We will be your Valentine from friendly hearts in SeniorLine
It’s not true that youth is wasted on the young. The young and the not so young deserve their days of romance, when one and one becomes two, often leading to happy ever after.
However, how long does ‘ever after’ last? Many older people, no longer part of a couple, may feel very lonely at this time of year.
Everywhere they turn, the emphasis is on cosy togetherness. With love in the air, solitary older people can feel particularly alone.
Many callers contact SeniorLine over the St Valentine’s season because they are missing a lifetime partner.
Other callers who have experienced divorce, break-up or separation may be full of regrets, while single callers who never married may look back on a life of unfulfilled promise.
SeniorLine, Ireland’s only peer telephone service for older people, receives almost one thousand calls a month from older people throughout Ireland. Callers feeling particularly lonely in the St Valentine’s season often want to talk about the people no longer in their lives:
‘My husband died of cancer three years ago, I am feeling desolate and feel the grief inside me all
the time’. Elizabeth 67
‘I don’t have the courage to end it all, I would if I could’ Michael, 72, recently widowed and childless
‘My husband of 53 years is now in nursing home. I will visit him today, but it is very difficult on my own’ Francis 64
‘I am separated 34 years, and my son and daughter live abroad. It wasn’t meant to be like this’ John 72
‘I never married, I moved back to Ireland after I retired, but it seems to be very hard to make friends’ Gillian 63
Being surrounded by people buying cards and chocolates, and by endless articles on evenings for two, can be upsetting if you are spending St Valentine’s Day alone.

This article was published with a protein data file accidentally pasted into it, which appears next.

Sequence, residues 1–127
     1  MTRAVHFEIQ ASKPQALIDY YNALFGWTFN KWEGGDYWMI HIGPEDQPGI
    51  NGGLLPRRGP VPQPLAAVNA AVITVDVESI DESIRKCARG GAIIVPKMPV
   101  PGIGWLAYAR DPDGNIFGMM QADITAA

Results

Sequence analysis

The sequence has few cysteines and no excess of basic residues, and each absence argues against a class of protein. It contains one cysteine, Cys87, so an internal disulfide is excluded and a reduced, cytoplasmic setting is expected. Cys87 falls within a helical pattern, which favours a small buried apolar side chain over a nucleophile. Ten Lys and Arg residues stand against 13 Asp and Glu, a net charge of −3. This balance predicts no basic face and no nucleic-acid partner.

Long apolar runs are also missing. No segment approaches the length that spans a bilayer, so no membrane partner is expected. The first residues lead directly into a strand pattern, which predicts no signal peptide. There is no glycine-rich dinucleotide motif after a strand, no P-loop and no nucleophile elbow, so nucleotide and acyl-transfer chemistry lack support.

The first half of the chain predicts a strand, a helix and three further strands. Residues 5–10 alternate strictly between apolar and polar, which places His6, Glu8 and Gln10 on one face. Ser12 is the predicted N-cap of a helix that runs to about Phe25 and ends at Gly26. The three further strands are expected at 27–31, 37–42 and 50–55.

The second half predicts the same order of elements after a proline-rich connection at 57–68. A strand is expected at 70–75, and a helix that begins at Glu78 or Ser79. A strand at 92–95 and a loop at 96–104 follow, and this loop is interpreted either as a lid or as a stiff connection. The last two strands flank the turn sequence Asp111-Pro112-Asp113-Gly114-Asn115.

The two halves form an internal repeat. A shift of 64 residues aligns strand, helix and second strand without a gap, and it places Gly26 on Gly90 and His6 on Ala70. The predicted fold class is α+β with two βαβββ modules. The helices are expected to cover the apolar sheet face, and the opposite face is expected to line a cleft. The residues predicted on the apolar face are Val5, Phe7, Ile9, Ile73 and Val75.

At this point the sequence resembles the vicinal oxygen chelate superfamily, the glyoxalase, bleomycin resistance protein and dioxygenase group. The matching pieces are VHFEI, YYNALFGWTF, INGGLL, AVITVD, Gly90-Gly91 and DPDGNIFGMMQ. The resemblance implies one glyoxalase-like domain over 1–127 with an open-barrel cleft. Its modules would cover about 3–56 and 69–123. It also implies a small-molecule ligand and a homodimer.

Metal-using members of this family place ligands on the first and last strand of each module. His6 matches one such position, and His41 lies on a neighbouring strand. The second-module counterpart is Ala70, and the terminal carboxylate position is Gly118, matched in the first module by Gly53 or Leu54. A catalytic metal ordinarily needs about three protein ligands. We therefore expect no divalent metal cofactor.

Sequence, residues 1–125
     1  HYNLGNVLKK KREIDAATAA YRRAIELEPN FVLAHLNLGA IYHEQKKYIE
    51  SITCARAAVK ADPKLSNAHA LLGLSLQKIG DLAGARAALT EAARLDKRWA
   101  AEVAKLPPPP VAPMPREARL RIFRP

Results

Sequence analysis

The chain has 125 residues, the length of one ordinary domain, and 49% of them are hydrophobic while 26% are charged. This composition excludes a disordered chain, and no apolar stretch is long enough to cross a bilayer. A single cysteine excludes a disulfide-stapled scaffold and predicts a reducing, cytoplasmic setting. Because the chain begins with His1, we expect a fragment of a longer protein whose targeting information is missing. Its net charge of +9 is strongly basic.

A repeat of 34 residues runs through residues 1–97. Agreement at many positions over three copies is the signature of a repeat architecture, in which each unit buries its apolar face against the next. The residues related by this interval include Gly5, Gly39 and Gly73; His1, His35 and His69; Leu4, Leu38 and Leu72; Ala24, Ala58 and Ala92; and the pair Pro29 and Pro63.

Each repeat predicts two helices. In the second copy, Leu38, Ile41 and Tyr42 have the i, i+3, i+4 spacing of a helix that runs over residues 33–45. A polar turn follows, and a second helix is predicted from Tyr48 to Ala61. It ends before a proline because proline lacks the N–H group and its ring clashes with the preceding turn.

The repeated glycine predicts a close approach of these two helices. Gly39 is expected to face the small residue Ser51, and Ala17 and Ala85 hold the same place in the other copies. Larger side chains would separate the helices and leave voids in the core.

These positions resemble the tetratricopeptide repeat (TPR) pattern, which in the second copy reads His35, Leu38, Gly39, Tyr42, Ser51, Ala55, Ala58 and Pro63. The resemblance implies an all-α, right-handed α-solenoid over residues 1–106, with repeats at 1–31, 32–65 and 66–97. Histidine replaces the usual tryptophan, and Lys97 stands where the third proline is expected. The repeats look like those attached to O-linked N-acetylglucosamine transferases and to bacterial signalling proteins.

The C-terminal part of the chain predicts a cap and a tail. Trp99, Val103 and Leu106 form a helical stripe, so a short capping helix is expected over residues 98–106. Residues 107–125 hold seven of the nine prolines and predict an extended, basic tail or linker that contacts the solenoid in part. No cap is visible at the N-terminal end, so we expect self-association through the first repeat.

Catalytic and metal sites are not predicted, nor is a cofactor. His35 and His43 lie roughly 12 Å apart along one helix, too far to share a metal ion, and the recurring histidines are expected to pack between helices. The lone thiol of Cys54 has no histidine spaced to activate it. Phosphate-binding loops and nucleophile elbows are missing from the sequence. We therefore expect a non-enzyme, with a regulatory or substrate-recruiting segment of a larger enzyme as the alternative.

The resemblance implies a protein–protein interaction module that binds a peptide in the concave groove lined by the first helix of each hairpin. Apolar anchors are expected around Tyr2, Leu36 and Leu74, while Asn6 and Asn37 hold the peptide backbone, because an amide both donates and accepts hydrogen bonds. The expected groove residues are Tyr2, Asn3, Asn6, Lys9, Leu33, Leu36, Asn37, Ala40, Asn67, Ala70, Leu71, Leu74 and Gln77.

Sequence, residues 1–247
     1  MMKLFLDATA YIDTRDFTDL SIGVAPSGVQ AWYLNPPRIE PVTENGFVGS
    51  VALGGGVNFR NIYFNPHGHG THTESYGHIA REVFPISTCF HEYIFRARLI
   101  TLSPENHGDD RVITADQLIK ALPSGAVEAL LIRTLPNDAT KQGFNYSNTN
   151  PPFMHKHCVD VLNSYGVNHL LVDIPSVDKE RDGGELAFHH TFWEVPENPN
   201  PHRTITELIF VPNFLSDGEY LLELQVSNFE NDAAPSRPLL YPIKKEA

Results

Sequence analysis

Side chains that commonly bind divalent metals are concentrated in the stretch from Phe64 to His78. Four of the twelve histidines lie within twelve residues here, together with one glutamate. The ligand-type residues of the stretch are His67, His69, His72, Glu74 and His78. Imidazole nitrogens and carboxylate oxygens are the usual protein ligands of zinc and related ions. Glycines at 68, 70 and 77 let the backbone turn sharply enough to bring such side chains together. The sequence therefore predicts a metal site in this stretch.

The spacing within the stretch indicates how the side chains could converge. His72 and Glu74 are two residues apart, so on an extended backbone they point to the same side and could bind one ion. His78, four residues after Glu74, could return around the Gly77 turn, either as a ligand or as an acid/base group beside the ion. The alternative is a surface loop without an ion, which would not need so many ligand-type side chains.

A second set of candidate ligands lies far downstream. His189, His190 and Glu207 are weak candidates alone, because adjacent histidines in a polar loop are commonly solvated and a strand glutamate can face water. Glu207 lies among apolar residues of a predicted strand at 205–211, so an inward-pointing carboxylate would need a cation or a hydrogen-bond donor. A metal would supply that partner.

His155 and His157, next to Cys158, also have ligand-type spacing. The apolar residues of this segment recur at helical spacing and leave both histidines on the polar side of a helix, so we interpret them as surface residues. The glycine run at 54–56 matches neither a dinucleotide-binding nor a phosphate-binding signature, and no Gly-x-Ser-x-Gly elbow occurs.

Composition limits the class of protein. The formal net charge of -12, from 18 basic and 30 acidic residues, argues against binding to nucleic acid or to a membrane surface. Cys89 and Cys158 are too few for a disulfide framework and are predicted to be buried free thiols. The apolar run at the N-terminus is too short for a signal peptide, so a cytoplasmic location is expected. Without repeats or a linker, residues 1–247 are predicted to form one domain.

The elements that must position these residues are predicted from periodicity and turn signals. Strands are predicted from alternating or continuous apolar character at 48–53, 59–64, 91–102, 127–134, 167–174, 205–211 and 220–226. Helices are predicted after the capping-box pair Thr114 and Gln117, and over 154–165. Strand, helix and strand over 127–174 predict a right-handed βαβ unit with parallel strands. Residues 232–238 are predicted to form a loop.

Studies now show that loneliness can increase the risk of high blood pressure and have a negative impact on cognitive
decline, dementia and depression.
SeniorLine gives bereaved callers time to talk about the people they have lost, whether the loved one is gone two years or 22.
Other callers may feel sad, angry, or resentful because of the way life has turned out.
Talking things through can be useful, and sometimes there may be options that callers have not considered. It is often unhelpful, for example, to compare yourself to others.
People, who feel lonely can believe that everyone else’s life is more idyllic, thus adding to feelings of isolation.
This can lead to ‘compare and despair’. Callers may be reminded that many others are alone as they are.
Some suggestions if you feel alone:
Reach out. Don’t be afraid to reach out for companionship or a chat. Other people may feel lonely too and be glad you made the first move
Go at your own pace. If you are shy in new social situations, get out and about among other people where you may be part of the crowd. A smile and a friendly greeting can go a long way
Open up. If you have acquaintances in your life, but few friends, opening up more may deepen your connections.
Lift the phone. A chat with a friend or relative over the phone can be the next best thing to being with them.
Stay connected by email, text or through social media
Phone SeniorLine, open every day of the year 10am to 10pm,
Freephone 1800 80 45 91. We are here to be here for you